Who are muniland’s worst borrowers?

By Cate Long
August 24, 2011

Who are muniland’s worst borrowers?

Reuters compiled this data to determine who pays the most to borrow in muniland. Puerto Rico leads the pack again by a wide margin. The spread means that they pay 223 basis points, or 2.23 percent, more than a AAA-rated issuer to find buyers for their bonds. This follows the fundamental bond market principal that if you are more risky, you must pay more to borrow. Curiously Bloomberg reported that Rhode Island paid below market rates yesterday to issue bonds. I guess the Central Falls bankruptcy filing didn’t spook the bond market on Rhode Island issuers after all.

Issuer Spread S&P rating Moody’s rating Debt & unfunded pensions
Puerto Rico 223 BBB (6) Baa1 (6.5) $ 64 B
Illinois 150 A+ (8) A1 (8) $ 76 B
California 94 A- (7) A1 (8) $ 137 B
Michigan 73 AA- (8.5) Aa2 (9) $ 19 B
Nevada 60 AA (9) Aa2 (9) $ 4 B
New Jersey 50 AA- (8.5) Aa3 (8.5) $ 69  B
D.C. 50 A+ (8) Aa2 (9) $ 5 B
Rhode Island 45 AA (9) Aa2 (9) $ 6 B
New York City 42 AA (9) Aa2 (9) $ 161 B
Ohio 34 AA+ (9.5) Aa1 (9.5) $ 14 B

Source:Municipal MarketData, Moody’s Investors Service, Standard & Poor’s Ratings Services, local government budget reports, official statements (Reuters)

Public sector largess

Bloomberg had a fascinating article yesterday about the pay levels for California prison doctors. Their compensation is over 20% higher than their equivalents in the private sector. This is not the only area when public sector workers are paid high salaries — think college sports coaches. From Bloomberg:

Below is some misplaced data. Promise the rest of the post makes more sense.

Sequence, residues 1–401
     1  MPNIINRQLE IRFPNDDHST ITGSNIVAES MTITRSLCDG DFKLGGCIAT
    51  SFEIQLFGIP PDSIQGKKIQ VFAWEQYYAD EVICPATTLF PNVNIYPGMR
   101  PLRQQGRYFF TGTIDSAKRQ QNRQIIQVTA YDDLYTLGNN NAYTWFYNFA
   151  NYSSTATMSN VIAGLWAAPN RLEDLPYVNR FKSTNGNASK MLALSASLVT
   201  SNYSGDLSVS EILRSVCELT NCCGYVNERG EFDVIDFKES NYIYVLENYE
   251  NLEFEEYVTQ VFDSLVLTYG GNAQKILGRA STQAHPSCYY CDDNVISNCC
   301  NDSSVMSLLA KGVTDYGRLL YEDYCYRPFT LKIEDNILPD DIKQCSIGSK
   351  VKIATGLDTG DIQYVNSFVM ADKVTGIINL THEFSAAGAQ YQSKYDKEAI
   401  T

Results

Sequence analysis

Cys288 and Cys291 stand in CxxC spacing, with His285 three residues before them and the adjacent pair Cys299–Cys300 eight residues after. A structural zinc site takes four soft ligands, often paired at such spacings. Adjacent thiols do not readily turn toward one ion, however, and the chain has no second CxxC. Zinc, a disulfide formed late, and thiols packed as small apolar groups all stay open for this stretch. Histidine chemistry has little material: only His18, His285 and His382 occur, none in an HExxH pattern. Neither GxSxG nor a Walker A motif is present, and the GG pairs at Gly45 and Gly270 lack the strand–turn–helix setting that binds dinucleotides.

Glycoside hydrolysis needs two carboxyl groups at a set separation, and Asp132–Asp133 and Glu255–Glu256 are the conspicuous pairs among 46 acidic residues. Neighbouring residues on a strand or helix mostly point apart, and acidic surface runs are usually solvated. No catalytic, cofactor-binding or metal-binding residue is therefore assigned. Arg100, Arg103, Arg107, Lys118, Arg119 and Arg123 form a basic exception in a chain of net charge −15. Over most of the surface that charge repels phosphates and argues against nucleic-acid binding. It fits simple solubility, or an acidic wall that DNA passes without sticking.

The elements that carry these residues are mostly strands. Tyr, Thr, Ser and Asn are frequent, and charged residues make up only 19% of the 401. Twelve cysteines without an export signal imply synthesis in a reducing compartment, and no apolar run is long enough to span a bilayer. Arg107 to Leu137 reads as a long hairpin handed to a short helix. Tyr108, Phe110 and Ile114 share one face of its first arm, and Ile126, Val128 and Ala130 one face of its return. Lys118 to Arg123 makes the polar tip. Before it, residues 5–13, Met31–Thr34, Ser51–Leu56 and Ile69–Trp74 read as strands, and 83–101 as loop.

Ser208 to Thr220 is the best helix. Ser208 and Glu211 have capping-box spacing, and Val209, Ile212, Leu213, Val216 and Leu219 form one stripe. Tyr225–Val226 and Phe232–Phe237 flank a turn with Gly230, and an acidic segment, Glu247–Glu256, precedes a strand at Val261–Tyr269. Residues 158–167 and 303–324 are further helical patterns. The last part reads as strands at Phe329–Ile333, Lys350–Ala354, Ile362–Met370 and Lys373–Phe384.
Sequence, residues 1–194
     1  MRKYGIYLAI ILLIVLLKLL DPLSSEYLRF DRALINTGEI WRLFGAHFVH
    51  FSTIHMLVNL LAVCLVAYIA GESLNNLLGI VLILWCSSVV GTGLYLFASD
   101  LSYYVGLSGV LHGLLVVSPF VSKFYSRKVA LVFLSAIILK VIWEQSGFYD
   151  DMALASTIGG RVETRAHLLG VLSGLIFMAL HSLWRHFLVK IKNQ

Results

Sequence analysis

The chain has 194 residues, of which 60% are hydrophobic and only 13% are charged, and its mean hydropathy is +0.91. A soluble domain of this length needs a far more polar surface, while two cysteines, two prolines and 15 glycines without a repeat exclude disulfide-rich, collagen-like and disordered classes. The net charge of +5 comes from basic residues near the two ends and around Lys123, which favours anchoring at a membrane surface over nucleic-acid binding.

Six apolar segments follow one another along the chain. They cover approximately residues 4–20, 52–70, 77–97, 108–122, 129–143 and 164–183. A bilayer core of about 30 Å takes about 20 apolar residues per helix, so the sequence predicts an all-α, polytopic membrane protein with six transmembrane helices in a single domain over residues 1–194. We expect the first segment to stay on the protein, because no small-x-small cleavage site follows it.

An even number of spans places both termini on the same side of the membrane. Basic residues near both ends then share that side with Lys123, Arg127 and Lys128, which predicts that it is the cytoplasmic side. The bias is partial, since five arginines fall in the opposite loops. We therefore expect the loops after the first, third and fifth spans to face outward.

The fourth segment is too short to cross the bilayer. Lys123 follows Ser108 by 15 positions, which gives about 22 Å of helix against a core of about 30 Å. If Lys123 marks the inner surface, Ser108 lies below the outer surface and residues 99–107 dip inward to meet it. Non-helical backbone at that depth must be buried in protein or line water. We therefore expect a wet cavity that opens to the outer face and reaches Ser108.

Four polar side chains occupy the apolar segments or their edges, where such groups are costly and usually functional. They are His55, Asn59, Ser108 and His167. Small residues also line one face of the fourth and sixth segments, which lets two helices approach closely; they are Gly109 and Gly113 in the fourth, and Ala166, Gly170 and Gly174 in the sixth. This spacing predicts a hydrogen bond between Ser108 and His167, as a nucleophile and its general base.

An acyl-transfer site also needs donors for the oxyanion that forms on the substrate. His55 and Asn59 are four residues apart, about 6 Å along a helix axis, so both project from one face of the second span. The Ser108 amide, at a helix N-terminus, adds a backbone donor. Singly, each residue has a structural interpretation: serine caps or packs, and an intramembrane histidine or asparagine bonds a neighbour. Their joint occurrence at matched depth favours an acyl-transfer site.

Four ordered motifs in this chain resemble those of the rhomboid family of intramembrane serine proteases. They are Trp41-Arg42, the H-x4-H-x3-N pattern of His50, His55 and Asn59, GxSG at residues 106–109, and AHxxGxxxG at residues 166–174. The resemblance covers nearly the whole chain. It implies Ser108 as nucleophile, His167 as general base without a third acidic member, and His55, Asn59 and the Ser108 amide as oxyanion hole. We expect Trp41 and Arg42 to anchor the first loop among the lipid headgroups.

Today a prison doctor in California can earn $248,172 a year plus overtime or extra-duty compensation. A chief physician can make as much as $265,648 plus extra pay. According to the Bureau of Labor statistics, the mean annual wage of a physician in the U.S. in 2009 was $180,870; in California, it was $191,650.

Muniland unrest

Quoted without comment from the Columbus Dispatch:

It was public discourse gone wild, a meeting that might appall a civics professor, but one that seemed to energize Mount Sterling’s angry residents.

Charges of mismanagement and ineptitude were hurled at village administrators last night. One councilwoman slammed her shoe on the table after being shouted down. And Mayor Charlie Neff, bowing to calls for his resignation, did just that — and walked out.

It all began last week with news that the village of 1,800 in southeastern Madison County would disband its police department because of deepening budget problems.

@Twitter Talk

OK Policy Institute @OKPolicy OK Policy Institute
Lift the veil on prices: The WSJ suggests websites to compare prices for common medical services & Rx http://ow.ly/6aw4X

Counterparties @counterparties Counterparties

Hospitals are aggressively marketing to draw in ER patients – and Medicaid costs are soaring t.co/fIstueX
OK Policy Institute @OKPolicy OK Policy Institute
In the 15 yrs since welfare reform, recipients have declined 60 percent even as poverty got worse  http://ow.ly/6aw5X
Nigel Cameron @nigelcameron Nigel Cameron
Blair Levin: eliminate state textbook adoption boards. Yah! #TPIAspen
Torey Van Oot @CapitolAlert Torey Van Oot
State audit bashes oversight of leases on public land  scnct.us/hWdsp

+ Good Links +

Huffington Post: Why ‘No New Taxes’?

Bloomberg: U.S. Falls Behind in Race Toward Open Government: Susan Crawford

Christian Science Monitor: States’ bottom line improves, but can the good news last?

Stateline: Pentagon cuts have military states worried

Reuters: States may wade into tax-free market

Reuters: Board: muni advisers’ pay should be monitored

MSRB: MSRB Files Rule G-44, on Supervision of Municipal Advisory Activities

New York Times: 777 School Employees Will Be Let Go, in the Largest Layoff Under Bloomberg

Thomson Reuters News and Insight: Alabama county set for crucial talks with creditors

Government Technology: California County’s Information Exchange Links Justice and Public Safety Agencies

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